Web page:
For the past several years, we’ve watched over and over as famous pastor-teachers go through very public falls from enormous heights. Bill Hybels, founding pastor of Willow Creek, resigned in April 2018 after allegations of sexual harassment and abuse of power.
James MacDonald, founding pastor of Harvest Bible Chapel, was fired in February 2019 for creating a culture of fear and intimidation and for enabling financial mismanagement. Carl Lentz, pastor of Hillsong East Coast, was let go in November 2020 for “moral failures,” including an adulterous affair, and now stands accused of sexual abuse.
As an Anglican priest and theology professor, I have watched these stories emerge with deep sorrow and not a little anger. My frustration is not just for the people and communities harmed by these leaders but also for the way these pastors’ lives contradicted and undermined the gospel they preached. I am compelled to examine my own life too.
Though the details of the stories vary, all were men who had the “right” doctrinal content in their books and sermons. Yet they had been denying Christ and leading people astray with their actions long before their failures were publicly known. These pastor-teachers confessed Christ with their mouths but denied him with their bodies. They were (and are) a different kind of false teacher: heretics of the heart.
The example of Mark Driscoll—whose story is now being revisited in depth through The Rise and Fall of Mars Hill podcast—is illustrative of my point. He denies the full humanity of women in both word and deed, advocates for profane views of gender and sex, rages with unrepentant pride, engages in habitual self-promotion, and manipulates and abuses others. Why, then, for so long was he able to avoid being denounced as a false teacher?
In his head, he might have what many consider to be the right doctrinal content. But he is teaching with his whole person—words and deeds—not just explicitly named doctrines. And it is his embodied teaching that causes the weak to stumble, leads many astray, and drives countless others away from Christ.
History serves as a helpful reference point. The early creeds summarize both the gospel and core Christian doctrine. They contain what Christians were handed on—what the word “tradition” means—and also what the church has concluded is essential to preserve and pass down.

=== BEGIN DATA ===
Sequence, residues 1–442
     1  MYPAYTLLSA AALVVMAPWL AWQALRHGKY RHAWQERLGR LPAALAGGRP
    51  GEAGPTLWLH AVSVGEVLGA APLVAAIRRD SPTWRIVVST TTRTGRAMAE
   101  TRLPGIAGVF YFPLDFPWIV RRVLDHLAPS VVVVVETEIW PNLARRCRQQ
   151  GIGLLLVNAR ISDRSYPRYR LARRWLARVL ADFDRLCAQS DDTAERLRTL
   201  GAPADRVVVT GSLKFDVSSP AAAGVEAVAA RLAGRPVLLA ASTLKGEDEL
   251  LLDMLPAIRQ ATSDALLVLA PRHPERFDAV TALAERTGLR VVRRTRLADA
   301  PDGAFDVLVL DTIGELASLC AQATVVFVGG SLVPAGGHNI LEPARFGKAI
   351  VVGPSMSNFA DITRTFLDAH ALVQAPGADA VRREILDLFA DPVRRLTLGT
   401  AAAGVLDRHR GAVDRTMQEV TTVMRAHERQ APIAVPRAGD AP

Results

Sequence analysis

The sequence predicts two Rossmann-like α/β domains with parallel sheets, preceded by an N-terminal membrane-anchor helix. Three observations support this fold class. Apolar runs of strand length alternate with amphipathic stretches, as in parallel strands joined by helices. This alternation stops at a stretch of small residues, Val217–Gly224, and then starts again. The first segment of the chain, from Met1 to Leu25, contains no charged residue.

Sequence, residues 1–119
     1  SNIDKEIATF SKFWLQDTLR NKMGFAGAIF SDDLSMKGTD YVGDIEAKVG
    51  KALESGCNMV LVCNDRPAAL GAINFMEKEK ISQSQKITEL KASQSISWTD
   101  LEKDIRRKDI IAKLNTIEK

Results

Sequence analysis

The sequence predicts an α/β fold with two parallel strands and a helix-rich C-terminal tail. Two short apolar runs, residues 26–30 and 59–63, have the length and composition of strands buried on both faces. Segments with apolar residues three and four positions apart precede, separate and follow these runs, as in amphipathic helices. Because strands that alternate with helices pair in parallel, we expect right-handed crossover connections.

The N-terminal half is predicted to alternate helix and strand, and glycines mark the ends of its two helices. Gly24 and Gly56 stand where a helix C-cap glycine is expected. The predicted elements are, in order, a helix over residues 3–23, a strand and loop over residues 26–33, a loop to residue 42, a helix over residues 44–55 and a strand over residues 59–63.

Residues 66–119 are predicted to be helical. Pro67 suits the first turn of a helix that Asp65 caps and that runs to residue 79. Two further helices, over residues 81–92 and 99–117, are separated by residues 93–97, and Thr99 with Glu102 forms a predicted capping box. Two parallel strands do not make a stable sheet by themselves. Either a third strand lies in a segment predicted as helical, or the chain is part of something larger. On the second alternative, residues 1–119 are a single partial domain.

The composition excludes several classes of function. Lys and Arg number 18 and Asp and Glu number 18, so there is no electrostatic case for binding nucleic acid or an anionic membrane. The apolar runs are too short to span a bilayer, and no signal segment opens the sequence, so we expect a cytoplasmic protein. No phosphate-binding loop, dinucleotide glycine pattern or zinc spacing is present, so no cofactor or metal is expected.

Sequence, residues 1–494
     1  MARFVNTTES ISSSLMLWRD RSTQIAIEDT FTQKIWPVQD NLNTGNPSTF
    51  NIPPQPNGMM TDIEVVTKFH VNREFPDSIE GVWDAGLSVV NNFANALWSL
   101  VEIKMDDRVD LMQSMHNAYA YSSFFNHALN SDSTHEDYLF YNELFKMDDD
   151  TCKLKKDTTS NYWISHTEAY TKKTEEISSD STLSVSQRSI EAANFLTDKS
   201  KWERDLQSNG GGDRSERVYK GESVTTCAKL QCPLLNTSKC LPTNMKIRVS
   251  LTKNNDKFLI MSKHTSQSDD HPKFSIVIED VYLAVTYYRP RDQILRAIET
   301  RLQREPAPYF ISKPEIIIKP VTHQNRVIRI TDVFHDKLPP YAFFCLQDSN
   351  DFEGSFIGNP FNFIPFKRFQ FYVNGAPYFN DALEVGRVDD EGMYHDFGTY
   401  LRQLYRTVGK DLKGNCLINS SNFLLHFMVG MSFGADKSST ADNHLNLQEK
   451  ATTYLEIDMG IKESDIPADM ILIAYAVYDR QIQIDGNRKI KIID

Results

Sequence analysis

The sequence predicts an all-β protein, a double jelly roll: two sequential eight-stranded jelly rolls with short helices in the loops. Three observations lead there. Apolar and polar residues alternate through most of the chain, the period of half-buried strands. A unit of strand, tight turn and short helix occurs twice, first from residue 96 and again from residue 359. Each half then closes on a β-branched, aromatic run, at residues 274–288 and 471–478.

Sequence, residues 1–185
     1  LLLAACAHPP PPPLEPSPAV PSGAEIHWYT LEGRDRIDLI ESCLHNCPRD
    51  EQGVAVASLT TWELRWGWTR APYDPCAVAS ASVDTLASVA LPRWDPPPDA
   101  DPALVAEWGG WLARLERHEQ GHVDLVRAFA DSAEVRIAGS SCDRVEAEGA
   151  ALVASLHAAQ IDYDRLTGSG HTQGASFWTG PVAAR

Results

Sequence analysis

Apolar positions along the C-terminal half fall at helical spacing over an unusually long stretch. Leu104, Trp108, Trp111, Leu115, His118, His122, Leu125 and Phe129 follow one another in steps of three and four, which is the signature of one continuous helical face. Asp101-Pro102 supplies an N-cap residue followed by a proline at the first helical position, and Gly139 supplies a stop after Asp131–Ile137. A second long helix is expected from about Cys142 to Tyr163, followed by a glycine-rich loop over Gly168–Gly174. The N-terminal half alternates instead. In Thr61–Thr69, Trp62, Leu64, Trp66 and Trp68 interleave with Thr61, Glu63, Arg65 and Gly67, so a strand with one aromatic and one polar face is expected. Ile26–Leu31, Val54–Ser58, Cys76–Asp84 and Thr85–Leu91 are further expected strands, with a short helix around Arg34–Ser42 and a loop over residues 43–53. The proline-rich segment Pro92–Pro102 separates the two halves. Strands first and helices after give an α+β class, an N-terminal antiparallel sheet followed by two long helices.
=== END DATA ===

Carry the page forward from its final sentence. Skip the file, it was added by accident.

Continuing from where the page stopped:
Christians have believed and confessed these core teachings or doctrines for going on two millennia. And we must continue to do so, not in a mouthing-the-words way but in a conviction-of-the-heart-and-mind way. The church has learned through the ages that to deny the core doctrines of our faith is to deny Christ.
Indeed, anyone who teaches against the core doctrines of our faith can rightly be called a false teacher. But this is not the only way to deny Christ.
Yes, the New Testament speaks of false teachers whose doctrine denies core elements of the apostolic gospel. The apostle Paul often condemns and warns against those refuting the gospel through the content of their instruction (see Gal. 1:6; Col. 2:20; 1 Tim. 1:3). But there are also instances when false teaching is equated with behavior, practice, or a way of life.
Consider, for example, the Epistle of Jude (and its parallel in 2 Peter 2). We love to quote Jude’s admonition to “contend for the faith that was once for all entrusted to the saints” (v. 3, NRSV throughout). But what exactly does this faith entail?
Jude continues: “For certain intruders have stolen in among you, people who long ago were designated for this condemnation as ungodly, who pervert the grace of our God into licentiousness and deny our only Master and Lord, Jesus Christ” (v. 4).
Jude encourages us to confront ungodly and licentious living. The emphasis on practice continues through the rest of the short epistle, adding further details about false teachers’ denial of the faith. They “defile the flesh, reject authority,” and participate in “deeds of ungodliness” (vv. 8, 15). Also, they “are grumblers and malcontents; they indulge their own lusts; they are bombastic in speech, flattering people to their own advantage” (v. 16).
In short, the false teachers Jude warns against are denying Christ not necessarily through their doctrine but through their behavior.
One strength of the evangelical movement in the US has been an emphasis on orthodoxy, or right doctrine. Despite the unstructured nature of evangelicalism, its leaders, churches, and institutions have long sought to teach and worship rightly. As they should. But there is also longstanding historical myopia when it comes to the embodiment of doctrine in daily practice. We see this most clearly, perhaps, in the history of racism and American evangelicals.